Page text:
So, what's love got to do with it? Southwest Airlines has been giving its employees and customers L -- love and leadership -- since its founding in 1971. According to a documentary video we often use in our culture development planning sessions, Southwest Airlines is "the company that love built." Southwest first started flying from Love Field in Dallas, their stock symbol is LUV, and their logo features a big red heart in the center. "We have always felt that a company is much stronger if bound by love rather than by fear," explains Herb Kelleher, co-founder, and former CEO. The documentary outlines how "love becomes an action verb that clears a path for what really matters." An employee hosting much of the video explains, "we transfer our love for what we do, and for each other, to the customer."
Love is an extraordinarily powerful emotion driving behavior, if not life itself. Many ancient spiritual traditions and modern research, such as Near Death Experiences, point to love as the center of our being.
Managers aren't comfortable with this powerful emotion in the workplace. The culture of too many organizations is like the bumper sticker "I am neither for nor against apathy." Managers pay a big price for failing to engage hearts.
Leaders bring the love. Passion and love are affairs of the heart, not the head. We aren't rational creatures. Humans use thinking and reason to solve problems and make plans. But it's our hearts more than our heads that move us. Most "rational thinking" is justifying actions that start with our feelings. We often make decisions that "feel right," then start looking for the "facts" to support them.
Leadership is centered on emotions. Highly effective leadership stirs our dreams, inspiration, excitement, desire, pride, care, and passion. Our love. The areas of our lives where we show the strongest leadership -- including our communities, families, organizations, products, services, hobbies, and customers -- are where we're most in love.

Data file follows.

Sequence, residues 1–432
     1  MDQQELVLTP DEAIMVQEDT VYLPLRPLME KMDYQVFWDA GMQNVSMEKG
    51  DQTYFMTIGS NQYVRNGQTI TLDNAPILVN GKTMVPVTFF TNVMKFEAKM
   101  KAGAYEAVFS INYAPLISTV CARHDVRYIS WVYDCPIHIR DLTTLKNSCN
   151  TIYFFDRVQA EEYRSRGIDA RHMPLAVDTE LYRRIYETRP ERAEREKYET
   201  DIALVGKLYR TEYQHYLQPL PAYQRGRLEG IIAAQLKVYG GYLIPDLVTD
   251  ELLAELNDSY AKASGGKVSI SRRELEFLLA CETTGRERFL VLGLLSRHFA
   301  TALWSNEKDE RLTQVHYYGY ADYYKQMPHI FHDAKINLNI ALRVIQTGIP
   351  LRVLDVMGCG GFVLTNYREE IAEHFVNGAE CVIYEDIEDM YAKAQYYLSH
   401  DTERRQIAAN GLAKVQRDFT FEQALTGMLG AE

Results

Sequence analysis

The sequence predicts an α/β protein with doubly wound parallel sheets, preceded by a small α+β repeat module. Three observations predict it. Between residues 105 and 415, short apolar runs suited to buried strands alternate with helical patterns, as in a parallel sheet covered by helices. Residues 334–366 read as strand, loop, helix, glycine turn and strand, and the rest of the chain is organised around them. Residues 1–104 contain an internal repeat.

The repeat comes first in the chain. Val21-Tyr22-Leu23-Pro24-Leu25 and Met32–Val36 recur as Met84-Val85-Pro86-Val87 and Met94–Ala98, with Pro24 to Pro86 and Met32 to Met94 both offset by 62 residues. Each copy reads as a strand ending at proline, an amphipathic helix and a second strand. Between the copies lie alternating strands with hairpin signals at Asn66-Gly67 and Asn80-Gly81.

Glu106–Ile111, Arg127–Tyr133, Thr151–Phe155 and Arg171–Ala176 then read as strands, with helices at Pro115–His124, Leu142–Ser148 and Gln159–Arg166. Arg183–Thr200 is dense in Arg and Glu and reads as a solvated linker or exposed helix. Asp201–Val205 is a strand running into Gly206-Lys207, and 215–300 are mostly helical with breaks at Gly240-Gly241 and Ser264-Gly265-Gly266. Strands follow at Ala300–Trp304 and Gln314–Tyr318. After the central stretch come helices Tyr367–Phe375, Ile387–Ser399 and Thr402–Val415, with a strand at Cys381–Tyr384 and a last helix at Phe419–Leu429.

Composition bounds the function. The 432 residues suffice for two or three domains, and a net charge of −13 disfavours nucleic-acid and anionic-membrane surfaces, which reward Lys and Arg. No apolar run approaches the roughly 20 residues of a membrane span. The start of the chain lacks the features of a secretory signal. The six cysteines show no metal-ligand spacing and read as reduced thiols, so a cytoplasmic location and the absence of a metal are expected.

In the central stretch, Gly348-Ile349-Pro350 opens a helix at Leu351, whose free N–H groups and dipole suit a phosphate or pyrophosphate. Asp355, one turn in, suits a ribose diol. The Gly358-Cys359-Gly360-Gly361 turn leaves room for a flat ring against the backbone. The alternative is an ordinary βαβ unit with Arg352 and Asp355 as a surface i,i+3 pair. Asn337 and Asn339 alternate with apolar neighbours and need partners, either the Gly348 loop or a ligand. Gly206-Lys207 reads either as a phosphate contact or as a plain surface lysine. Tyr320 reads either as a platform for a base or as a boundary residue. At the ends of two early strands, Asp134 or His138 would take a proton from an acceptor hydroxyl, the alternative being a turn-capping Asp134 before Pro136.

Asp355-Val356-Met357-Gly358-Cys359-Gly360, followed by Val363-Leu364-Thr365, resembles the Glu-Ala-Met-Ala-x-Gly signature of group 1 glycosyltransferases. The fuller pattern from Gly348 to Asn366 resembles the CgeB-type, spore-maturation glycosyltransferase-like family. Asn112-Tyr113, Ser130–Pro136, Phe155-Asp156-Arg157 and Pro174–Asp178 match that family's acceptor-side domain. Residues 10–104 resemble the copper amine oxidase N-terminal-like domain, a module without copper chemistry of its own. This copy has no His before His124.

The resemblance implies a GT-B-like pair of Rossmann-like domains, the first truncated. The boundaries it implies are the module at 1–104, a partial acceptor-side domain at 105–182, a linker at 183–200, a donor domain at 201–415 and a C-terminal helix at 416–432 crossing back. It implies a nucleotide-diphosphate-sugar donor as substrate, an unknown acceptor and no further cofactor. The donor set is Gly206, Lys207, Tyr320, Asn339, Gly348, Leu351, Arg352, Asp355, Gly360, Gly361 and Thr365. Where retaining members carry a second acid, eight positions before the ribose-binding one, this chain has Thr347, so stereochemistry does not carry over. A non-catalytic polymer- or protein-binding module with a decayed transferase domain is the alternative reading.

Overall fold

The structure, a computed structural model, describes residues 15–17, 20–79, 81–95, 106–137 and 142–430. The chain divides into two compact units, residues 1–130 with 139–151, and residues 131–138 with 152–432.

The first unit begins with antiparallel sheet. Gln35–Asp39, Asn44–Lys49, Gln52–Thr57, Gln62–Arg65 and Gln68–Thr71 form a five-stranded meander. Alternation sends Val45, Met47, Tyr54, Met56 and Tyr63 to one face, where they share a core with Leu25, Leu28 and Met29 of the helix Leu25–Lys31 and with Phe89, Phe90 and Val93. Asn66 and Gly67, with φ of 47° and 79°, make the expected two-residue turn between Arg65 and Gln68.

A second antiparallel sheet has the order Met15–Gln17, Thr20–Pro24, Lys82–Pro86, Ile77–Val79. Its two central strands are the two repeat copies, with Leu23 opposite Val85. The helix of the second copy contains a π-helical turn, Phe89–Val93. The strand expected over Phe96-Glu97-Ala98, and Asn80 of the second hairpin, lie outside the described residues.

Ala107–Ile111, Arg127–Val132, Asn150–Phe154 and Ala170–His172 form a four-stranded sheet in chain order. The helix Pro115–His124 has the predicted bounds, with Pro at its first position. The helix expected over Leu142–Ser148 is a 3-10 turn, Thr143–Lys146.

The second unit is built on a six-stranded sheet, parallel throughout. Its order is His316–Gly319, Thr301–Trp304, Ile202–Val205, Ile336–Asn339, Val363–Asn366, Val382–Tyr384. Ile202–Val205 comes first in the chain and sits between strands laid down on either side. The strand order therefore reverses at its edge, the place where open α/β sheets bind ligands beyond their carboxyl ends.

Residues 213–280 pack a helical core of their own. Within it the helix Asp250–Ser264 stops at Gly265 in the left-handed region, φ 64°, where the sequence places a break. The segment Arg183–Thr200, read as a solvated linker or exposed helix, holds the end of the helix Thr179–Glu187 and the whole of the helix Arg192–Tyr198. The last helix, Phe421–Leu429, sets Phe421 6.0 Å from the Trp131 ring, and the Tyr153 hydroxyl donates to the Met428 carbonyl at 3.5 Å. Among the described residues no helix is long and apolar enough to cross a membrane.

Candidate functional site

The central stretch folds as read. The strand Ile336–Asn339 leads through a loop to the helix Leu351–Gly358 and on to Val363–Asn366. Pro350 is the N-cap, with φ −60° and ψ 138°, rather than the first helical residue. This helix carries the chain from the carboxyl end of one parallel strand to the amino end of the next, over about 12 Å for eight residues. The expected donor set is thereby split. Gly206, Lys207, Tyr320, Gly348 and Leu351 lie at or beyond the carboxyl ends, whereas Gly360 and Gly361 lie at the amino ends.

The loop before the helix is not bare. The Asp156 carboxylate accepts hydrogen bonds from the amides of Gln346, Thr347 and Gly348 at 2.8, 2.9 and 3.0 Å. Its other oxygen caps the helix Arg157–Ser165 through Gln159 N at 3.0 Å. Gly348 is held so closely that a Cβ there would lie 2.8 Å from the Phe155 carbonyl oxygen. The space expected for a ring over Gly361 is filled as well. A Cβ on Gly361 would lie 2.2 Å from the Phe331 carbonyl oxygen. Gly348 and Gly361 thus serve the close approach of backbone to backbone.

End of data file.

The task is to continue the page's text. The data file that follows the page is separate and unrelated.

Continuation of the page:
Tim Sanders makes love a strategic cornerstone of a company's operations in his book Love Is the Killer App: How to Win Business and Influence Friends. He wrote, "I don't think there is anything higher than Love.... Love is so expansive. I had such a difficult time coming up with a definition for Love in my book, but the way I define Love is the selfless promotion of the growth of the other."
Are you living life for the L of it -- laughing, learning, leading, and loving?
Early in my career, I worked in a company with an inspiring and passionate CEO. He often said, "If you love what you're doing, you never have to work again." Love that concept! Most of us hate work. It's a four-letter word. Hard work is why I left the family farm. Whenever a job started to feel like work, I quit.
The "father of modern management," Peter Drucker, said, "your first and foremost job as a leader is to take charge of your own energy and then to help orchestrate the energy of those around you." If you're going to be an effective energy leader, then your work can't be work. You need a job that isn't a job, it's a joy. When you love what you're doing, you never have to go to work again.